Think American Graffiti set in the stoned ’70s. As the school year ends in a small Texas town, students and recent alumni head out looking for pot, parties, and sex. Some of them find it. But Richard Linklater isn’t George Lucas (thank God), so Dazed and Confused finds greater depths in the many characters. The young, largely unknown cast includes such future stars as Milla Jovovich, Ben Affleck, Parker Posey, and Matthew McConaughey.

A- Raiders of the Lost Ark (1981), New Parkway, Saturday, 5:00pm

The first Indiana Jones movie doesn’t have much of a story. The plot is just an excuse to take us from one action sequence to another. But these action sequences are amongst the best filmed. They’re brilliantly choreographed, exciting, and despite the fast cutting, completely clear. A vein of comedy runs through it all, reminding the audience not to take the story seriously. Warning: There’s a thin vein of unthinking racism. Also known as Indiana Jones and the Raiders of the Lost Ark. Read my full essay.

B+ House of Bamboo (1955), BAMPFA, Wednesday, 7:00pm

Archival 35mm print! Here’s an early Technicolor/CinemaScope noir from Sam Fuller. Robert Stack stars as an American who comes to Japan with possibly illegal motives. He gets involved with a gang of well-dressed Yankee crooks led by Robert Ryan (who steals the picture). It’s an entertaining story, with great location footage that captures a Japan that’s both exotic and grimy – only ten years after Hiroshima. Part of the series From the Front Page to the Front Lines: The Essential Sam Fuller.

B+ The Wizard of Oz (1939), Stanford, Saturday and Sunday night, 5:35 & 9:35

I don’t really have to tell you about this one, do I? Well, perhaps I must explain why I’m only giving it a B+. Despite its clever songs, lush Technicolor photography, and one great performance (Bert Lahr’s Cowardly Lion), The Wizard of Oz never struck me as the masterpiece that everyone else sees. It’s a good, fun movie, but not quite fun enough to earn an A. On a 35mm double bill with Meet Me in St. Louis, which I haven’t seen recently enough for me write about it.

D Park Row, (1952), BAMPFA, Friday, 7:00

35mm! Here’s Samuel Fuller at his didactic worst. This ode to the gallant men of the 19th century newspaper business is mawkish and preachy. While improving printing press technology, the brave reporters of The Globe set out to raise money for a pedestal for the Statue of Liberty. Much of the dialogue is laughable. Another part of the series From the Front Page to the Front Lines: The Essential Sam Fuller.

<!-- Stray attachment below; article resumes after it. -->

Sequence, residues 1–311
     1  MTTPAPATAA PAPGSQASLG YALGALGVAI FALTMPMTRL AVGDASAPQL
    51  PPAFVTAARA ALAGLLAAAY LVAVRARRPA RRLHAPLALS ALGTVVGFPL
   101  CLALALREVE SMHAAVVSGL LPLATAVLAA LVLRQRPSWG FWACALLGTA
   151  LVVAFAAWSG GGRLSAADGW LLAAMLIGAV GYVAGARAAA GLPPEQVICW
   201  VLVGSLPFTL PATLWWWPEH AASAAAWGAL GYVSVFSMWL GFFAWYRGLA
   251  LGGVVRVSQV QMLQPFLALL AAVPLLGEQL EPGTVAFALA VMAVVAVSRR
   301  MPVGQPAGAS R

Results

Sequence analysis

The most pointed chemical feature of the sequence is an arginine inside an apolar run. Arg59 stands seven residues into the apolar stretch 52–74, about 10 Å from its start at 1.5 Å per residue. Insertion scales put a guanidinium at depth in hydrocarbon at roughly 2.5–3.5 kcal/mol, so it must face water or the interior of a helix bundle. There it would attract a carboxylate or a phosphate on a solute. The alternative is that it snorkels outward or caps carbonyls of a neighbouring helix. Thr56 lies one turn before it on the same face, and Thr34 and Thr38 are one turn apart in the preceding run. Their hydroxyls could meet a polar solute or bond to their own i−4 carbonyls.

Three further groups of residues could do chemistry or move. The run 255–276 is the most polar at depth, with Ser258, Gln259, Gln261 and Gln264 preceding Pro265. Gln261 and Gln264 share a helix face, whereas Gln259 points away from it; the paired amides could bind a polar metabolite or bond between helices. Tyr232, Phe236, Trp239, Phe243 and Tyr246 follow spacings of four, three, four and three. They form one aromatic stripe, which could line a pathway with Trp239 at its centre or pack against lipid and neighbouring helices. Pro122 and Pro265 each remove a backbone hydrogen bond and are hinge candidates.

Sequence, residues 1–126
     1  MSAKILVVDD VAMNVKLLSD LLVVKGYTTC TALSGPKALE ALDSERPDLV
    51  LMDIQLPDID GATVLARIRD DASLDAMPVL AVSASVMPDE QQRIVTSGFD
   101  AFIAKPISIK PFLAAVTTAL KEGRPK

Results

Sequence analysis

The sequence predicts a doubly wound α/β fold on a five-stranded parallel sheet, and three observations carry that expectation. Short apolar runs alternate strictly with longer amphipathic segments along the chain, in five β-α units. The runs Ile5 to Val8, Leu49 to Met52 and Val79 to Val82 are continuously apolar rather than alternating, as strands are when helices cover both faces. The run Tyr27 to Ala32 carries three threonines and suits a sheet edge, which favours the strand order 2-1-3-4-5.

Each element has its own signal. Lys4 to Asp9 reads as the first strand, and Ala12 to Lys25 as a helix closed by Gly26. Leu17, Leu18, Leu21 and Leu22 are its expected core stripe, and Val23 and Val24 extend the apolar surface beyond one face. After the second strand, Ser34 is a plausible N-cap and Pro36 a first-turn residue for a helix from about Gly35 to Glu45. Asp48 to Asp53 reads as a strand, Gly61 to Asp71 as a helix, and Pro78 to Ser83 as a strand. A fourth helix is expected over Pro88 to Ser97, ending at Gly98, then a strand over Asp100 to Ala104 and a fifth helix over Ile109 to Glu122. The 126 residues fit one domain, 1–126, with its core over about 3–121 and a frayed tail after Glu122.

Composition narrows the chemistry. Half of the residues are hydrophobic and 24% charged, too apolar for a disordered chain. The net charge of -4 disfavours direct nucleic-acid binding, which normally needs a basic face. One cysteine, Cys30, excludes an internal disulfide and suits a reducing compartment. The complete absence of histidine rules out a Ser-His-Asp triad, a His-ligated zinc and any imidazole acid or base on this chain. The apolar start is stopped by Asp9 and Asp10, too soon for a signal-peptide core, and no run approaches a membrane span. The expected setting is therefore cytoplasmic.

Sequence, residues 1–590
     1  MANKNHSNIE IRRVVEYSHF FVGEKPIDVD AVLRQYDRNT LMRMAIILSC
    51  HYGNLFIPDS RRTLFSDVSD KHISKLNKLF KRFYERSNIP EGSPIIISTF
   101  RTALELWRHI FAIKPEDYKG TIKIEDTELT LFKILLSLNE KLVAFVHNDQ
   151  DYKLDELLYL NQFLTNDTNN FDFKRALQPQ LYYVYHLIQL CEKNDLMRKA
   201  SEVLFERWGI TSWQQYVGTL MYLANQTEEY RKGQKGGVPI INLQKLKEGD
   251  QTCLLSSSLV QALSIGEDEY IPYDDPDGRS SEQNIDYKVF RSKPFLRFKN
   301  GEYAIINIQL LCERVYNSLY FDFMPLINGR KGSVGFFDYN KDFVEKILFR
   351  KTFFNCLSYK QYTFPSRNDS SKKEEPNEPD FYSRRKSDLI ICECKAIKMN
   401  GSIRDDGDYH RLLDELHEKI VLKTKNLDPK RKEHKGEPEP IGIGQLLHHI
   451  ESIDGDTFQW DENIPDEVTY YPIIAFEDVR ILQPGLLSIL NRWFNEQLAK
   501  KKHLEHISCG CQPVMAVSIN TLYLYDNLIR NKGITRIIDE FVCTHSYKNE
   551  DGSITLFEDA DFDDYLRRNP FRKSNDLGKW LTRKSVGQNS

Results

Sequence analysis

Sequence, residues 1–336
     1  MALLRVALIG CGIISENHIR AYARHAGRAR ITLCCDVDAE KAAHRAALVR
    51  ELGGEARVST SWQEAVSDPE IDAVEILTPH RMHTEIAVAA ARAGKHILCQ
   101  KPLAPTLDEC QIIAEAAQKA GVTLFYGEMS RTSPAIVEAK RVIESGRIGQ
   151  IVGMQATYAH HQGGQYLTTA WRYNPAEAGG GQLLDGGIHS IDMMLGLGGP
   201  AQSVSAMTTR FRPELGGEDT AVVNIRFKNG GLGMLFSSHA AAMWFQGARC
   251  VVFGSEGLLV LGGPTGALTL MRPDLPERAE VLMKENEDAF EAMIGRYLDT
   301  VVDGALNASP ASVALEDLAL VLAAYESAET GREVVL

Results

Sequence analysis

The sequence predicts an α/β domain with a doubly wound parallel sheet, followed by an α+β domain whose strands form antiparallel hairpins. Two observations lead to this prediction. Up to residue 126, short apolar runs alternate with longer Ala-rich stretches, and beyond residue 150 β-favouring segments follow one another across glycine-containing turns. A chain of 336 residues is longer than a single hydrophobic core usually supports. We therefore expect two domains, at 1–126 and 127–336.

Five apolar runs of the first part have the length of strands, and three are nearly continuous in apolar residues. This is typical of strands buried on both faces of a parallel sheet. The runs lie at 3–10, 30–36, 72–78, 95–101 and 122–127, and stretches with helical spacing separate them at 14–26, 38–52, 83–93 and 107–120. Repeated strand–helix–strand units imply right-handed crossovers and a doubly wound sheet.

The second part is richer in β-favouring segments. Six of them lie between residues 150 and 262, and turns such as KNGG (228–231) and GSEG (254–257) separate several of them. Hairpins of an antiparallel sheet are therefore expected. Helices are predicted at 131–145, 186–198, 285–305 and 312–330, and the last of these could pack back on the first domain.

Drive-in revivals

A Shrek (2001), Lark Drive-In, Saturday, 8:45pm

Enough bad sequels can make us forget how much we loved the original, and in the case of Shrek, the original is very lovable indeed. This story of an ogre on a reluctant quest to save a princess turns both traditional fairy tales and their Disneyfied adaptations inside out. The evil prince’s castle looks like Disneyland, familiar characters make odd cameos, and that old song “Have You Seen the Muffin Man” turns gruesome in a very funny way. In the third act, Shrek rips apart one of the worst lessons that children learn from these old stories, providing a happy ending that neither Grimm nor Disney could have imagined.

A- Ratatouille (2007), Lark Drive-In, Friday, 8:45pm

There’s nothing original about animated, sympathetic, anthropomorphic rodents. Disney has been doing it for nearly a century. But Brad Bird does something completely different. He plays with the unsettling image of rats in a restaurant kitchen, and he even lets our skin crawl at the spectacle. Yet he still gets us rooting for the varmints, along with the hapless human chef-in-training who intentionally sneaks a rat into a gourmet diner. The animation is, as you’d expect from Pixar, technically perfect, but you don’t really notice it except as an afterthought. You’re too caught up in the story to think about how it was made.

Continuing engagements

Frequently-revived classics